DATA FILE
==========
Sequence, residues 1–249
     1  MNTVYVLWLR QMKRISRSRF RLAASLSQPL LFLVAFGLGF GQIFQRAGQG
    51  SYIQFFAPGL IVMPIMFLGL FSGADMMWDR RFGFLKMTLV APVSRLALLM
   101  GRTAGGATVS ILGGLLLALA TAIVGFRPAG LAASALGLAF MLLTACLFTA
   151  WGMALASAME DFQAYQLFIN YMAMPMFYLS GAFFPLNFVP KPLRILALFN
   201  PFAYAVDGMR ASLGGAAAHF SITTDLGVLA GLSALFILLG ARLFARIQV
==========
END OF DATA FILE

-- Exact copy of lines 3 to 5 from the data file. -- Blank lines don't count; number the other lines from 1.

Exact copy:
    51  SYIQFFAPGL IVMPIMFLGL FSGADMMWDR RFGFLKMTLV APVSRLALLM
   101  GRTAGGATVS ILGGLLLALA TAIVGFRPAG LAASALGLAF MLLTACLFTA
   151  WGMALASAME DFQAYQLFIN YMAMPMFYLS GAFFPLNFVP KPLRILALFN